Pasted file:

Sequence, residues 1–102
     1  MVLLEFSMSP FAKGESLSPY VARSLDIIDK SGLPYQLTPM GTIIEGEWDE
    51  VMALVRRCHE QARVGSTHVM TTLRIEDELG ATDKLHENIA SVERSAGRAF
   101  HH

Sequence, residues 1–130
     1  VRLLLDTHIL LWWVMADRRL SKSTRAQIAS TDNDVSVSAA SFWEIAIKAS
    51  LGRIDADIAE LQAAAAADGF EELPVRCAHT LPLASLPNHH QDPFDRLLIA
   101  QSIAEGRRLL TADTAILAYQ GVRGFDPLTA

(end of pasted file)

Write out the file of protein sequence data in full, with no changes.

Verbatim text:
Sequence, residues 1–102
     1  MVLLEFSMSP FAKGESLSPY VARSLDIIDK SGLPYQLTPM GTIIEGEWDE
    51  VMALVRRCHE QARVGSTHVM TTLRIEDELG ATDKLHENIA SVERSAGRAF
   101  HH

Sequence, residues 1–130
     1  VRLLLDTHIL LWWVMADRRL SKSTRAQIAS TDNDVSVSAA SFWEIAIKAS
    51  LGRIDADIAE LQAAAAADGF EELPVRCAHT LPLASLPNHH QDPFDRLLIA
   101  QSIAEGRRLL TADTAILAYQ GVRGFDPLTA